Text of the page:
But here’s the thing – Aerobic exercise is more important for our fat-burning and cardiac health as we get older than we are led to believe by the fitness industry which primarily focuses on younger people and athletes.
With the emphasis on higher intensity exercise and strength training that prevails throughout the fitness industry, you would think that this is the only way to exercise, but it isn’t. Although strength training to improve bone density has an important role to play in our healthy ageing, so too does aerobic exercise. This is the type of exercise whereby we go slower for longer and in menopause and post-menopause, it’s great for our heart health. Now, thanks to Professor Tanaka, I have a new name for it – niko, niko exercise – smiling pace exercise.
When I began to explore why the type of exercise I was doing was no longer working for my weight management when I was transitioning menopause, I realised that over the years, being in and around the fitness industry with it’s emphasis on ‘faster, leaner, stronger’, I had actually lost touch with the physiology of fat loss through exercise.
For years, the notion that ‘faster and harder is better’ was based on the fact that people didn’t have much time, so we needed shorter, harder workouts.
But here’s the thing. When you are always doing high-intensity exercise and your cardiovascular system (heart and blood vessels) are changing during menopause because you are losing oestrogen, then this higher intensity exercise makes you feel more exhausted – your body is under more stress. This crashes your progesterone levels and can also lead to sore joints and unstable blood sugar levels. Post-exercise food cravings are well known in the fitness industry, especially, sugary, high-calorie foods!
You can end up in a cycle of fatigue, endless cravings, hot flushes and weight gain … so you do more high intensity exercise, to burn off the calories, and the cycle starts all over again. Sound familiar?
The word ‘aerobic’ literally means ‘with oxygen’. And oxygen transport to our heart, muscles and every cell and tissue in the body is crucial to our optimal function, especially as we transition menopause and go into the next stage of life. That’s why I love the concept of Japan’s slow jogging movement and it’s what I promote to women on the MyMT programmes as well. This includes my fabulous new Re-Build My Fitness 12 week online programme. It helped Kaye get up to the top of Mt Taranaki in New Zealand!
Every day I hear from women in the MyMT™ community, who say that they feel that their energy has reached an all-time low, especially when they don’t sleep well during their menopause transition. Too much exercise uses up this energy further, which is why we need to find the right exercise as we transition menopause. If we don’t, this can be a slippery slope towards worsening immune health, including fibro-myalgia.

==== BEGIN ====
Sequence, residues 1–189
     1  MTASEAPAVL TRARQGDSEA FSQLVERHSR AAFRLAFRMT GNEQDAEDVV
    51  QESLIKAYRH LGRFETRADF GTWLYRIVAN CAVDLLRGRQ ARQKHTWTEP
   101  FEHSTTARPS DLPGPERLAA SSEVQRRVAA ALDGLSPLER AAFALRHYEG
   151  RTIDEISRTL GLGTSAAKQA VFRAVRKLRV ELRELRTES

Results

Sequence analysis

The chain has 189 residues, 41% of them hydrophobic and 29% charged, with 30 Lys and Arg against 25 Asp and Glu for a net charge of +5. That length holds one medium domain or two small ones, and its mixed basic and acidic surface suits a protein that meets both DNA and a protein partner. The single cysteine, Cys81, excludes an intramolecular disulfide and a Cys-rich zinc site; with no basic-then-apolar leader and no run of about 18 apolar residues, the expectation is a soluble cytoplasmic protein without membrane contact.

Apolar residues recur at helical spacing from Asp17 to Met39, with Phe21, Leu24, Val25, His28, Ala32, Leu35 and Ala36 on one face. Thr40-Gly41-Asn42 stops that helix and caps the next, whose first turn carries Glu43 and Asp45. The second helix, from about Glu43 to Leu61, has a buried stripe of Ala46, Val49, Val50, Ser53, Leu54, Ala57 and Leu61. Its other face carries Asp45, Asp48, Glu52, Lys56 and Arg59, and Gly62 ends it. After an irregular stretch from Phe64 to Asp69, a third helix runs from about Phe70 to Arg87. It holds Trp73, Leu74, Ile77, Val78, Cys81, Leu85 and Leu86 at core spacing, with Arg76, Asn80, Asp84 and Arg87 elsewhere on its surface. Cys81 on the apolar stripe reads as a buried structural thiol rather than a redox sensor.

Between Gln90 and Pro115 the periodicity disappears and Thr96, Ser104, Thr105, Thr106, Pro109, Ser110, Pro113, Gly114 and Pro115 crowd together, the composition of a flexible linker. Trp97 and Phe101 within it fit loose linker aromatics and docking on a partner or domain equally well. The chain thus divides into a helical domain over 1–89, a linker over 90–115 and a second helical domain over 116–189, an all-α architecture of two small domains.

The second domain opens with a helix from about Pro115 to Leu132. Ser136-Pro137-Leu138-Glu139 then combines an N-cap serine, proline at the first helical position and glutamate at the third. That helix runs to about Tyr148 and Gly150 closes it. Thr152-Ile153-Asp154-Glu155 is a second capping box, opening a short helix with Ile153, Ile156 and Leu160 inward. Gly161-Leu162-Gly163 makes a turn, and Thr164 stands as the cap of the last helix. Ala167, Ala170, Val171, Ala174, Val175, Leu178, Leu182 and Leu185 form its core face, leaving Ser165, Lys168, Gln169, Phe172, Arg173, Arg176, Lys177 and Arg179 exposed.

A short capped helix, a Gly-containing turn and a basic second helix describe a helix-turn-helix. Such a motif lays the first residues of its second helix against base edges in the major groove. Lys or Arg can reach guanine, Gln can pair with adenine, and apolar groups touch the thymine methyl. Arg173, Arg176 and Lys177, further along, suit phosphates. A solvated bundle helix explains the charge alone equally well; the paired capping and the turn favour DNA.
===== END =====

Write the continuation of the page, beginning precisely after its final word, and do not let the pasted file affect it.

As I have been reflecting on what is the best exercise for us as we get older and the best exercise to help us to lose our belly-fat, I have come full circle from the days of always doing high-intensity exercise. Women’s healthy ageing research supports this too. Women on the Blue Zones healthy ageing research don’t do exhausting exercise. They stay strong and fit by working in the fields and walking in the hills.
So how can we emulate this research in our everyday lives? Well we can walk some hills, do some slow jogging or we can go to the gym and walk or jog slowly on the treadmill. Building up to a minimum of 20 minutes to an hour is ideal. This is what is recommended for weight loss management in menopause when it comes to exercise and heart health (strength is also important as is flexibility, and I cover all of this and programmes that you can download in my Re-Build My Fitness programme.
[Please note, that if you aren’t sleeping, or have sore joints and muscles or need to change your menopause symptoms, then I recommend you doing my symptom reduction or weight loss programmes prior to building up your exercise – or do them both at the same time.]
For women going through menopause, there’s another reason to increase our endurance or aerobic exercise too and that’s to prevent post-menopause heart disease and worsening belly-fat that can lead to Type 2 diabetes and other health problems that prevent women leading and living a life that is full of vitality as they age.
The greatest risk to women living in western countries such as New Zealand, the United Kingdom and Australia (where most of you are), is heart disease. As our blood vessels and heart muscle get older and lose oestrogen, the need to maintain optimal heart health and healthy cholesterol levels is stronger than ever. But there’s more to this story as well. Not only is heart disease a killer disease for women as they age, but so too is obesity and Type 2 diabetes. This is why exercising for cardiovascular health during menopause is so important for us as we get older. When you increase your aerobic exercise, your body releases feel-good hormones, such as endorphins, which can put you in a good mood for the rest of the day. That’s why I want women enjoying the right type of exercise in mid-life and beyond. If you want to get exercise back into your life, I hope you can join me sometime too.
Dr Wendy Sweet, PhD/Member: Australasian Society of Lifestyle Medicine/ REPs New Zealand Registered Exercise Specialist & Your MyMT Coach.
Learn more about the Re-Build My Fitness programme by listening to my 3 minute video.